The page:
Correction to This Article
This Book World review of Daniel Walker Howe's "What Hath God Wrought" incorrectly said that James K. Polk defeated Henry Clay for the presidency in 1848. Polk won in 1844.

Jonathan Yardley

By Jonathan Yardley
Sunday, November 25, 2007


The Transformation of America, 1815-1848

By Daniel Walker Howe

Oxford Univ. 904 pp. $35

The period between the end of the War of 1812 and the end of the Mexican-American War in 1848 is one of the most important in American history and, these days, one of the most neglected. Of late we have been blissing out on books and other material about the Revolutionary period, and of course the Civil War years are of inexhaustible fascination to millions, but the years in between are pretty much ignored. Yet as Daniel Walker Howe makes plain in this exemplary addition to the Oxford History of the United States, this was the time when the United States was transformed by a series of revolutions, the most important of which were in transportation and communications, that "would overthrow the tyranny of distance," which until then had "remained for Americans 'the first enemy,' as it had been for inhabitants of the Mediterranean world of the sixteenth century."

Thus Howe takes as his title the words that Samuel F.B. Morse sent from Washington to Baltimore on May 24, 1844, in the "formal opening of the telegraph." Howe leaves no doubt that in what was an age of prodigious invention, this was the most prodigious of all. Not merely did the telegraph have great "economic importance" -- "In combination with the railroad, it facilitated nationwide commerce and diminished transaction costs" -- but it did much more:

"In a broader sense . . . the spread of the electric telegraph effectively decoupled communication from transportation, sending a message from sending a physical object. The implications of this alteration in the human condition unfolded only gradually over the next several generations. But contemporaries fully realized that they stood in the presence of a far-reaching change. They valued not only the shortening of time to receive information but also the speed with which an answer could be returned; that is, conversation was possible. Of all the celebrated inventions of an age that believed in progress, Morse's telegraph impressed observers the most. A leading New Orleans journal commented, 'Scarcely anything now will appear to be impossible.' "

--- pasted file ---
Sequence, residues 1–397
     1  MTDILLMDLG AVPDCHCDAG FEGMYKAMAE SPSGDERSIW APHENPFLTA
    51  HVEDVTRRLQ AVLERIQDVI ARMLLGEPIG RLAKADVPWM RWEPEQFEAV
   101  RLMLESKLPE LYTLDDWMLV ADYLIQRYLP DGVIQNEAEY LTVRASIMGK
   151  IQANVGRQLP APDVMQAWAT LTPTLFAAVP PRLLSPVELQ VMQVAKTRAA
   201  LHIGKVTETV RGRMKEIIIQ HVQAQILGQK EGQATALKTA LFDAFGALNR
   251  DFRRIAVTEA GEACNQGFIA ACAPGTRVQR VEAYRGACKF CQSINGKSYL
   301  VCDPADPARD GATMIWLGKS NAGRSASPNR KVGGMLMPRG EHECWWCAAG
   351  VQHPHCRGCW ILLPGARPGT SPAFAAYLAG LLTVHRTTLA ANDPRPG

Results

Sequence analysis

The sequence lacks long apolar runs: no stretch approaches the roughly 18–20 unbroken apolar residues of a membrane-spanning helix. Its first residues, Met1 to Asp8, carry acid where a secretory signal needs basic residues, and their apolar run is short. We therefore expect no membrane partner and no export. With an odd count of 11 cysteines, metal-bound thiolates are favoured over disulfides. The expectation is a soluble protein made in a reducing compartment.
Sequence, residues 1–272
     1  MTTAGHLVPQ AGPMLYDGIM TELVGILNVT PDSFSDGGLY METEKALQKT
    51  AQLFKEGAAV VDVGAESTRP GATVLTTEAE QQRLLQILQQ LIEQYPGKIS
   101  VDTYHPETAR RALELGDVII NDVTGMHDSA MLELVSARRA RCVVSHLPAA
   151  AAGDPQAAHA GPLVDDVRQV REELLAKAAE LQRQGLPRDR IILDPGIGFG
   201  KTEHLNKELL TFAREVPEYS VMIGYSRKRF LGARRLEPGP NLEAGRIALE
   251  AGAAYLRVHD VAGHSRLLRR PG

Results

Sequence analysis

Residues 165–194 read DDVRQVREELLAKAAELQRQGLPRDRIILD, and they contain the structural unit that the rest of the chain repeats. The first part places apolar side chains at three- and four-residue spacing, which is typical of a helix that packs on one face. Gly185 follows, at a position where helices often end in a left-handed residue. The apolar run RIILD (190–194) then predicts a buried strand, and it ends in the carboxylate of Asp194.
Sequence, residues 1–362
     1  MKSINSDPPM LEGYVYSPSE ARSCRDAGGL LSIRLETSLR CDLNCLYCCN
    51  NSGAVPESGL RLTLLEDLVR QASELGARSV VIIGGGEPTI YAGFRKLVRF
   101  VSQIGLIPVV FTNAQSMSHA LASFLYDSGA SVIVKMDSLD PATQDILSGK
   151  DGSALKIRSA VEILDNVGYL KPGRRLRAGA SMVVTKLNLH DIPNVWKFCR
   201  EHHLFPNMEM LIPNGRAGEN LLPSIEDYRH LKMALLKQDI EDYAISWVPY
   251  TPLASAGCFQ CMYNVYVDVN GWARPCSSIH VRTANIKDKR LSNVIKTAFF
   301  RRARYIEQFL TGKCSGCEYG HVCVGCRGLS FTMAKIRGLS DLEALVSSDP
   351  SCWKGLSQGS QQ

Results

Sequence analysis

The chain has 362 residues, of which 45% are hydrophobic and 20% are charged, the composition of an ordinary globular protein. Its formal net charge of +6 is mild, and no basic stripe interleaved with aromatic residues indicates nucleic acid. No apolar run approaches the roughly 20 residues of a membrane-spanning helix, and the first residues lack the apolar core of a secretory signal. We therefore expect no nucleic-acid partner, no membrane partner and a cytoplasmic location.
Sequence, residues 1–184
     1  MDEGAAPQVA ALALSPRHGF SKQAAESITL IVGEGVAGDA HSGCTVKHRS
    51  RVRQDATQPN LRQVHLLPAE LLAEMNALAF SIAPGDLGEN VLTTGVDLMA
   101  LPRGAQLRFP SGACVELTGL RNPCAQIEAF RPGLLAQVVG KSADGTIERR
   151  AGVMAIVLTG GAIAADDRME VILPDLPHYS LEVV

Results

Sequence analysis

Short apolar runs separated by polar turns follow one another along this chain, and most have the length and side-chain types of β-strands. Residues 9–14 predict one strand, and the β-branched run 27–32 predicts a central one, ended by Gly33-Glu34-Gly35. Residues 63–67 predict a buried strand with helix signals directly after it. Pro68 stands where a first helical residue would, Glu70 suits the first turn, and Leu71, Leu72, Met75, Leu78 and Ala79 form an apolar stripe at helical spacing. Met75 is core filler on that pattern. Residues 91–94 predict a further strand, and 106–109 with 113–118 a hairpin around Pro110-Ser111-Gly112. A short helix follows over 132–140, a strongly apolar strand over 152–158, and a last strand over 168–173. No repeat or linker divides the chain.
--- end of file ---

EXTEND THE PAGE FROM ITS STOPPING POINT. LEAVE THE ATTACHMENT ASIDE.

As that paragraph shows, Howe brings an impressive array of strengths to the daunting task of encapsulating these busy, complicated three-plus decades within a single (admittedly, very long) volume. Emeritus professor of history at Oxford and UCLA, he grasps the meaning as well as the details of developments and events. He has a fine eye for telling detail -- e.g., telegraphic chess -- and for the revealing quotation. Beyond that, he is a genuine rarity: an English intellectual who not merely writes about the United States but actually understands it.

Indeed, Howe brings to the present task a deep knowledge of one of the period's most important institutions, the Whig political party, linear ancestor of the Republican Party but barely recognizable as such, given the character of the present GOP. His scholarly reputation rests in substantial part on a previous book, The Political Culture of the American Whigs (1979), in which he explored the careers and legacies of John Quincy Adams, Henry Clay, Daniel Webster and, of course, Abraham Lincoln, this last being the agent of transition to the Republican Party. Though the period is commonly known as the Age of Jackson, Howe insists that this "has obscured the contribution of the Whigs," and continues:

"As economic modernizers, as supporters of strong national government, and as humanitarians more receptive than their [Democratic] rivals to talent regardless of race or gender, the Whigs deserve to be remembered. They facilitated the transformation of the United States from a collection of parochial agricultural communities into a cosmopolitan nation integrated by commerce, industry, information, and voluntary associations as well as by political ties. From the vantage point of the twenty-first century, we can see that the Whigs, though not the dominant party of their own time, were the party of America's future."

This interpretation, though it rings pleasant bells for me, will not sit well with Jacksonians, whose numbers remain large within the Democratic Party, which to this day celebrates Jefferson-Jackson Day in tribute to its two chief founders. Howe is fair to Jackson but as hard on him as the evidence warrants. He entered the White House in March 1829 with "a temperament suited to leadership rather than deference" and with "profoundly authoritarian instincts." His greatest enthusiasm was for Indian Removal to the Mississippi and beyond; it "set a pattern and precedent for geographical expansion and white supremacy that would be invoked in years to come by advocates of American's imperial 'manifest destiny.' " He did not show "a general respect for the authority of the law when it got in the way of the policies he chose to pursue." His "own image and record, as a hero who stood outside and above the law, typified a strain in American frontier culture that encouraged violence" and continues to do so generations after the disappearance of the frontier.